How To Freeze Ground Beef

Ground beef is a fairly common addition to many dishes in North American cooking. Typically bought in quantities of least a pound, finding exactly the right amount of ground beef can be difficult. Pairing the right amount of ground beef with a meal can be a challenge too.

Ground beef is also very easy to freeze for the future. It’s so easy that some American families who either have more than a few people or who host parties will buy a ‘half a cow.’ The term isn’t really an exaggeration and generally represents purchasing over 200 pounds of beef for freezing.

Whether you are freezing one pound or way more than one pound, there are a few methods to use to freeze beef. You can readily portion ground beef ahead of time and even compress it to make it fit into a cold storage space better. Read the rest of the article for more specifics and tips.

What should I put ground beef in for freezing?

Let’s clarify one thought about this question. This particular question relates only to freezing ground beef that’s still frozen or fresh from the grocery store.

The most efficient, cheapest, and safest method of freezing ground beef is using zip lock bags.

  1. Pre-portion the beef and label the bag with the amount of beef, by weight, on the bag. A frozen block of beef might feel heavier. You’ll want to ensure you are pulling the right amount of beef for the recipe. 
  2. Put the portioned beef into the bag. If the beef is fresh, you can also consider using a rolling pin or weighted object to flatten the beef. 
  3. The rolling pin will also help push excess oxygen out of the bag. Don’t worry if some juices flow out, they will stay in the bag.
  4. Put the zip lock bag of beef in the fridge.
  5. Remove when ready. The flattened beef is also going to be much easier to defrost than a big chunk of beef.
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How do I avoid freezer burn while freezing beef?

Some freezers are really cold. Freezer burn is possible, which will degrade the quality of the beef. You can also wrap a freezer bag of meat in aluminum foil to keep the beef from extreme cold.

I don’t have a rolling pin. How else can I remove the oxygen?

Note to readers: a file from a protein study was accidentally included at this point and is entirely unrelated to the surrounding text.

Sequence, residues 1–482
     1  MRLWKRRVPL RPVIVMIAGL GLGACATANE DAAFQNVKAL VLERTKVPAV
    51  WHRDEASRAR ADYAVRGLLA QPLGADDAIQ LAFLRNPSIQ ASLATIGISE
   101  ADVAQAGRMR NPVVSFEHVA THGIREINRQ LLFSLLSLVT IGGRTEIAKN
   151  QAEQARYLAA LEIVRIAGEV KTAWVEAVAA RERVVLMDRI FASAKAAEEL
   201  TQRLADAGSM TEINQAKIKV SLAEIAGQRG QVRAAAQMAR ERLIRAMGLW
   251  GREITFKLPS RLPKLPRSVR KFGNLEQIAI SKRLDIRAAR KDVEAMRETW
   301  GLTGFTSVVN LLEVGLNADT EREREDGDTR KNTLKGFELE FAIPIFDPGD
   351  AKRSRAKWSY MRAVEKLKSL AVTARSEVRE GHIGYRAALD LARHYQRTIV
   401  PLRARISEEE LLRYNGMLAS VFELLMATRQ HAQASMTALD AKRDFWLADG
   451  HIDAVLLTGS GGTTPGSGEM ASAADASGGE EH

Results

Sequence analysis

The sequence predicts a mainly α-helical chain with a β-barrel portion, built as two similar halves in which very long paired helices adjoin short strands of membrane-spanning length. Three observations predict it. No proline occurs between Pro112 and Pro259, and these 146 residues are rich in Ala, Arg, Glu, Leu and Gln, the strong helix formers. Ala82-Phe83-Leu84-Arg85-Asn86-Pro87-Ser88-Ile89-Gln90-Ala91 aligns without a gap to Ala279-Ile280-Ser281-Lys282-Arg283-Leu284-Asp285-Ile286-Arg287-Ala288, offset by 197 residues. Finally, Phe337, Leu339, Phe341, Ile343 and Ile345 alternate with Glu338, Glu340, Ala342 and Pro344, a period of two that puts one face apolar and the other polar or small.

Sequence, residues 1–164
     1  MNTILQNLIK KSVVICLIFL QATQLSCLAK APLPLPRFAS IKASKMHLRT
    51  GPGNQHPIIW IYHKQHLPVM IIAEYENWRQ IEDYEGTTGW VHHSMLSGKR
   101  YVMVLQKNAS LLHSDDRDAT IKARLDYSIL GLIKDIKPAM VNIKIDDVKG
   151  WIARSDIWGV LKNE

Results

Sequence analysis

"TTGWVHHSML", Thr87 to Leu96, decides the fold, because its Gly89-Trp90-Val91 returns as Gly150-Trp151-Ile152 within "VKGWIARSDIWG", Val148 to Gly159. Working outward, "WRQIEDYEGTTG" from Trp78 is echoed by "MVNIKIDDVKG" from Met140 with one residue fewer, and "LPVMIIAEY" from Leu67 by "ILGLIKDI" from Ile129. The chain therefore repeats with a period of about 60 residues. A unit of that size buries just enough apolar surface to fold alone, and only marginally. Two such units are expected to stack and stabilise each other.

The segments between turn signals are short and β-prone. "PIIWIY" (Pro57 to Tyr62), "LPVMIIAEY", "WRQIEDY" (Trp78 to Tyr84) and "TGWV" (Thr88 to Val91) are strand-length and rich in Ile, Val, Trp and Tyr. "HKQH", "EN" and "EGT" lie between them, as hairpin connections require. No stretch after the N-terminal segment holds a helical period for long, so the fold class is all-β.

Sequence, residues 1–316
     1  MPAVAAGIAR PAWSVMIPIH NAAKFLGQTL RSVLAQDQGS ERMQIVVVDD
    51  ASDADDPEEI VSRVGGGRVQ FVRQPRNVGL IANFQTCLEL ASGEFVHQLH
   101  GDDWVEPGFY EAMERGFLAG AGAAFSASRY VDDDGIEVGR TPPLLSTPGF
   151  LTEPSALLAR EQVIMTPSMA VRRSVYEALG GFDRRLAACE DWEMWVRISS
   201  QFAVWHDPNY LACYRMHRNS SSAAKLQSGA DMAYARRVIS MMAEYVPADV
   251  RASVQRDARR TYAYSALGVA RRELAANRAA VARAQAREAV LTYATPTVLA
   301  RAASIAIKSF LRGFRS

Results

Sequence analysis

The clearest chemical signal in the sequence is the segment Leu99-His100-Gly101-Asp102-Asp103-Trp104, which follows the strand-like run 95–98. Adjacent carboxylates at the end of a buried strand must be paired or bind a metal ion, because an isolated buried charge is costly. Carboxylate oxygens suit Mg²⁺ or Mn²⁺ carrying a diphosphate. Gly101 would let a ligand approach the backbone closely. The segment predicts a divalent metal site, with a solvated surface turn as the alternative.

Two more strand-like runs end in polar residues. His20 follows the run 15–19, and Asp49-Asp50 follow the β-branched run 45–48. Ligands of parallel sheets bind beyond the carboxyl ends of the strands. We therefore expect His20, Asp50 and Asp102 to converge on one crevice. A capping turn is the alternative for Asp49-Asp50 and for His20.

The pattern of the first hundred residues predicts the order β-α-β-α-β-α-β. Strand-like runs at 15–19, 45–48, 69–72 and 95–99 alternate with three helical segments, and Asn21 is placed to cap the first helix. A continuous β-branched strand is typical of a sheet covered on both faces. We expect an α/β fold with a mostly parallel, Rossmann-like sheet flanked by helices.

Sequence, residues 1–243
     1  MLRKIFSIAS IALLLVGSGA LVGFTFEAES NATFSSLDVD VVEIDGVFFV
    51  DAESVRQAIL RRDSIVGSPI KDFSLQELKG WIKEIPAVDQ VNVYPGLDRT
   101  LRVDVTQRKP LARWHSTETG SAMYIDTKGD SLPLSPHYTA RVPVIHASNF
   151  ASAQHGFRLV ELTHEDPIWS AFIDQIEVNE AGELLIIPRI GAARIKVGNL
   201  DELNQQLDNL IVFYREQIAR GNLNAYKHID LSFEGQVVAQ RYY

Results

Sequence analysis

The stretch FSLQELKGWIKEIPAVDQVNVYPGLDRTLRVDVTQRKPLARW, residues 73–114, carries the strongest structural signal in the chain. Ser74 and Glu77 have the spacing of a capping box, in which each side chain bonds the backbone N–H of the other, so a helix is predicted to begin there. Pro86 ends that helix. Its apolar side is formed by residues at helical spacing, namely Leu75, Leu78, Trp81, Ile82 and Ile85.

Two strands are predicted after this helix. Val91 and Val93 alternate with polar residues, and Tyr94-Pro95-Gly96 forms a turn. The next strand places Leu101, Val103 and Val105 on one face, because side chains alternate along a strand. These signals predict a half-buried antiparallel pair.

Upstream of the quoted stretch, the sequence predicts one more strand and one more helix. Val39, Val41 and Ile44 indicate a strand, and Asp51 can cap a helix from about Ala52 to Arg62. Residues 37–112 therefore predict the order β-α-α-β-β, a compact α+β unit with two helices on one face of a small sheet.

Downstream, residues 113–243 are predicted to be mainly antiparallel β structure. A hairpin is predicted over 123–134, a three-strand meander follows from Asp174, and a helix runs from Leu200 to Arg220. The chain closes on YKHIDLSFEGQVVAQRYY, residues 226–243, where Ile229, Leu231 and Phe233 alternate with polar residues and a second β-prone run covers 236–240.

A straw works too.

  1. Put the portioned beef in the bag.
  2. Place a straw in the bag
  3. Start sealing the bag with the straw poking out through an unsealed part of the mouth of the tag.
  4. Suck the remaining oxygen out.
  5. Quickly remove the straw and completely seal the bag.

I don’t have ziploc bags. Can I use anything else to freeze ground beef?

 You certainly can. A few other suggestions are

  • Butcher paper. You know that non descript brown or white paper you get when you buy fresh beef from the grocery store or butcher? This paper is meant for freezing. Rewrap the butcher paper on tight – and tape shut if necessary. Butcher paper also makes a good first wrap.
  • Wax paper. Wax paper is commonly used in baking and cooking. The paper also makes a good layer for protecting beef against cold and oxygen. Consider using it with or without a ziplock bag.

Any common kitchen items I should not use?

We don’t suggest using plastic cling wrap. The wrap can stick to the meat. Cling wrap is more for a refrigerator covering. 

You are advised not to put ground beef in your fridge uncovered. The beef will almost certainly get freezer burned. 

How soon should I freeze recently purchased ground beef? Is the store container OK?

The store container will work for a couple weeks. The containers don’t tend to be very well sealed and are made for chilling in a fridge. If you plan to keep ground beef in the freezer for more than a couple weeks, consider removing it from the package and using our suggestions above.

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If I do it right, how long will ground beef keep in the freezer?

The answer is just about indefinitely, and at good quality. The two worst things for a freezer full of meat are excess air, a lack of protection from oxygen, and a power outage. You can’t control the power outage well, so just don’t open the freezer until you have to.


Freezing ground beef for future use is quite easy. Beef users can temporarily store the meat in the original container, a zip lock bag, or the butcher’s packaging. Many of these items can be found cheap and plentiful at the grocery store.

Consider using some level of organization too. As we suggested, write the amount of beef on the bag or packaging along with the date packaged so you can better prepare for meals. Have you thought about how to freeze gravy too?